Objective

Cervical spine manipulation is a complex motor skill used to treat musculoskeletal ailments such as neck pain. There is evidence demonstrating the effectiveness of objective feedback and mannequins for the teaching of spinal manipulation (SM) in the thoracic and lumbar spine. This paper examines the effectiveness of an educational intervention combining both mannequins and force-sensing technology for teaching cervical SM.

Methods

Fourth-year chiropractic interns were separated into 2 groups: an intervention group and a group trained with the standard curriculum. The intervention included a 60-minute educational session focused on targeting 100 N total peak force cervical manipulations on mannequins, with objective feedback through force-sensing table technology. Pre- and post-CMs were recorded on both a mannequin and a paired student partner, with an attempt to have a target total peak force of 100 N.

Results

Ninety students were recruited. The invention group (n = 46) scored significantly better at the outcome compared to the control group (n = 44) when manipulating the mannequin (p = .003). These improvements did not carry over when manipulating a paired human partner (p = .067).

Conclusion

Following a 1-hour cervical SM educational intervention utilizing thrusting on mannequins and force-sensing table technology, students demonstrated improved peak force control for SM delivered on the mannequin. However, this improvement was not carried over to SM delivered on human subjects.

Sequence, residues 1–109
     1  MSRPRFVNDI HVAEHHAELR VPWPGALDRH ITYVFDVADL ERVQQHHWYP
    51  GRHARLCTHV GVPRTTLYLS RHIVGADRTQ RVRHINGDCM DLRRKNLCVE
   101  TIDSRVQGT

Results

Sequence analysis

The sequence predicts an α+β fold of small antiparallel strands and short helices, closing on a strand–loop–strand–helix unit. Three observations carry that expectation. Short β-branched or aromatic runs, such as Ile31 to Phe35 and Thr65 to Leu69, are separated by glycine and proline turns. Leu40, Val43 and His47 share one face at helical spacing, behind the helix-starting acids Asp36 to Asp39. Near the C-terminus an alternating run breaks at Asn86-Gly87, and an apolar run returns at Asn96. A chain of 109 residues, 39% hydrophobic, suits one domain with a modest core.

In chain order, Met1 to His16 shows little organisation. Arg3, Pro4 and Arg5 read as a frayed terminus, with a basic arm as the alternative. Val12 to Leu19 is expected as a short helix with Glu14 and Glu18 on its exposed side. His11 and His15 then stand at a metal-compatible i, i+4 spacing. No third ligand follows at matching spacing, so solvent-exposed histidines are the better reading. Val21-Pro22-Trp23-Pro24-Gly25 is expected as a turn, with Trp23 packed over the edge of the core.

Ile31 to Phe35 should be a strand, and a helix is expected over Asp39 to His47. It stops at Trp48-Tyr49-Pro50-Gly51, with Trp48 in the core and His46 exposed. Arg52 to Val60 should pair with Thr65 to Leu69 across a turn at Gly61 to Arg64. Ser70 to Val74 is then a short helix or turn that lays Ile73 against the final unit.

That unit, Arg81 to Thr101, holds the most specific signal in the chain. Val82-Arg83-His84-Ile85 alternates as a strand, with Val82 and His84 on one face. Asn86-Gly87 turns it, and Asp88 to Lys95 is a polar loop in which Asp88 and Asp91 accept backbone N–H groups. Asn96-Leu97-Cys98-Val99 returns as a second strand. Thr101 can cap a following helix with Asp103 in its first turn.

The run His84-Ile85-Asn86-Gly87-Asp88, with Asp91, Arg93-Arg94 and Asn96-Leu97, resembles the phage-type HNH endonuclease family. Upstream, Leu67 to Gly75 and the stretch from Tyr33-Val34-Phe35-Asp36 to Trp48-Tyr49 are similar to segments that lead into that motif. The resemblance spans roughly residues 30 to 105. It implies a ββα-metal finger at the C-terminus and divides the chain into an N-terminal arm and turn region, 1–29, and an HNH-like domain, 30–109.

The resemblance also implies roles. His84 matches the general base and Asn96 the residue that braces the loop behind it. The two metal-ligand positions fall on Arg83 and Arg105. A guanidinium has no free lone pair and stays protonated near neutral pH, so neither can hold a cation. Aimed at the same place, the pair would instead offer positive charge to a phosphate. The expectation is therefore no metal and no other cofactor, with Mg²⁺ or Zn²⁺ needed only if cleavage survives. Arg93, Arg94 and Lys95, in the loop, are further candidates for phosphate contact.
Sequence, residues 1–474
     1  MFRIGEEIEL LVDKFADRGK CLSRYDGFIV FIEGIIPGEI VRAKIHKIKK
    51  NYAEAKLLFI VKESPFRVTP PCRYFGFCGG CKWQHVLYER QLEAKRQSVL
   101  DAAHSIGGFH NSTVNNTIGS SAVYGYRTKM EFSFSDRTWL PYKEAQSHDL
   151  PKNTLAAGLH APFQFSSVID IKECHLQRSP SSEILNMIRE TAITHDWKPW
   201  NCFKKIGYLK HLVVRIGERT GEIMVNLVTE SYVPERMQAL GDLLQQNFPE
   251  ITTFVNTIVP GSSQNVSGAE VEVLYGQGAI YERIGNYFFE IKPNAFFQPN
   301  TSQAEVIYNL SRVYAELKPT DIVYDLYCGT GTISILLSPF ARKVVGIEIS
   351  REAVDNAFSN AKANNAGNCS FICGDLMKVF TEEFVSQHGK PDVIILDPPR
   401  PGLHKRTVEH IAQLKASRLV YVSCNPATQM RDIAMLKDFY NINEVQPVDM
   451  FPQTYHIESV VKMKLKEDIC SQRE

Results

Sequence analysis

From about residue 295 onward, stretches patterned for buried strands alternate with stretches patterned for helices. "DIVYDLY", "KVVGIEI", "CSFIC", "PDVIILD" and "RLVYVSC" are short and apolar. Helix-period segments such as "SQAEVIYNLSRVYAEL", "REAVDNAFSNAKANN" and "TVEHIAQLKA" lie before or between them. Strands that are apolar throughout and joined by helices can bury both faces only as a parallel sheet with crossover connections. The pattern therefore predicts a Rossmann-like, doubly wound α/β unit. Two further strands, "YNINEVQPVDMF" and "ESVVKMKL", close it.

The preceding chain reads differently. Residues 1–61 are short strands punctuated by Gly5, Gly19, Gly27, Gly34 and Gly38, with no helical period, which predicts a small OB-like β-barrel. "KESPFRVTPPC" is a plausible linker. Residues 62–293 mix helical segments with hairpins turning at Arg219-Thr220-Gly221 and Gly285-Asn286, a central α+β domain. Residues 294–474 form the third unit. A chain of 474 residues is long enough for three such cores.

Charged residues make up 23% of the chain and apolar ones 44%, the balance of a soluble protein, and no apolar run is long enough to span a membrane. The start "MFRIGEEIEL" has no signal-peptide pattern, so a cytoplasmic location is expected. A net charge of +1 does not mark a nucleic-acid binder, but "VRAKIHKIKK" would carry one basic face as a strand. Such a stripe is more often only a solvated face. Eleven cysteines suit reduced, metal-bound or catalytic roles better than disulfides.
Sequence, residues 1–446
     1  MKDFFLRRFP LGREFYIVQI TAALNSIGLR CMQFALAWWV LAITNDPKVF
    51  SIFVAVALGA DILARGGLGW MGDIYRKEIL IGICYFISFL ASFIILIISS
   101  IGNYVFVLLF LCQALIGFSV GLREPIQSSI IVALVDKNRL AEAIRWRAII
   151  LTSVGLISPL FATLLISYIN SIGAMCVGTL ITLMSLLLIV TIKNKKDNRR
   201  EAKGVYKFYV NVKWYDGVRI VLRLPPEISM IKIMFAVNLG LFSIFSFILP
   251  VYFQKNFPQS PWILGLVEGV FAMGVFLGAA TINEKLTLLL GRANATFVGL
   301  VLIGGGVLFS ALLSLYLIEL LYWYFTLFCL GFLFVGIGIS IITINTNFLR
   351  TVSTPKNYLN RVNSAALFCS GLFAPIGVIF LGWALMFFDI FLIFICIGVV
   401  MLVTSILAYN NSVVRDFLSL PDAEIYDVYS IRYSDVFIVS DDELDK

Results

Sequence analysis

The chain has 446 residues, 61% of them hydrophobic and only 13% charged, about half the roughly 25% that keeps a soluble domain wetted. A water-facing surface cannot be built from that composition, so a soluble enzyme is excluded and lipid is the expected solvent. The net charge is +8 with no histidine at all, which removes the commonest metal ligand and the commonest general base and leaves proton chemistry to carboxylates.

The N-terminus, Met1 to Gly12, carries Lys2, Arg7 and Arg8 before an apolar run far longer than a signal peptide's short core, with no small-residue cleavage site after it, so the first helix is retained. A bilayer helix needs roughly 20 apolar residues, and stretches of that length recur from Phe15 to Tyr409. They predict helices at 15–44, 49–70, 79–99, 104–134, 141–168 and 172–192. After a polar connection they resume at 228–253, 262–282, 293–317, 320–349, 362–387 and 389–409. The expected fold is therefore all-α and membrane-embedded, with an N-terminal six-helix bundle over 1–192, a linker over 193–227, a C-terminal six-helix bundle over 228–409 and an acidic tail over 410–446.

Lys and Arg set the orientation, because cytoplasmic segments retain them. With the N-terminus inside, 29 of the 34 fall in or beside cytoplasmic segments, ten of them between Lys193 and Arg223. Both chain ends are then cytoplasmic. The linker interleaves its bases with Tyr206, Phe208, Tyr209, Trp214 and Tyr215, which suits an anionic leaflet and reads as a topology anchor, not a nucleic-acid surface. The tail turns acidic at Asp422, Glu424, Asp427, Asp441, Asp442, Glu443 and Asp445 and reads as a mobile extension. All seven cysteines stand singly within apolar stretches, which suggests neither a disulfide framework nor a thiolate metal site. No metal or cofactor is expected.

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Author notes

Sean Duquette is in the Graduate Education Research Department at Canadian Memorial Chiropractic College (6100 Leslie Street, North York, ON M2H 3J1; sduquette14@gmail.com). David Starmer is the simulation lab education coordinator in the Undergraduate Education Department at Canadian Memorial Chiropractic College (6100 Leslie Street, North York, ON M2H 3J1; dstarmer@cmcc.ca). Dominic Giuliano is the year 3 director of education in the Undergraduate Education Department at Canadian Memorial Chiropractic College (6100 Leslie Street, North York, ON M2H 3J1; dgiuliano@cmcc.ca). Josh Plener is a research assistant in the Undergraduate Education Department at Canadian Memorial Chiropractic College (6100 Leslie Street, North York, ON M2H 3J1; jplener@cmcc.ca).

Concept development: SAD, DAG, DJS. Design: SAD, DAG, DJS. Supervision: DAG, DJS. Data collection/processing: DAG, DJS. Analysis/interpretation: SAD. Literature search: SAD. Writing: SAD, JBP. Critical review: SAD, DAG, DJS, JBP.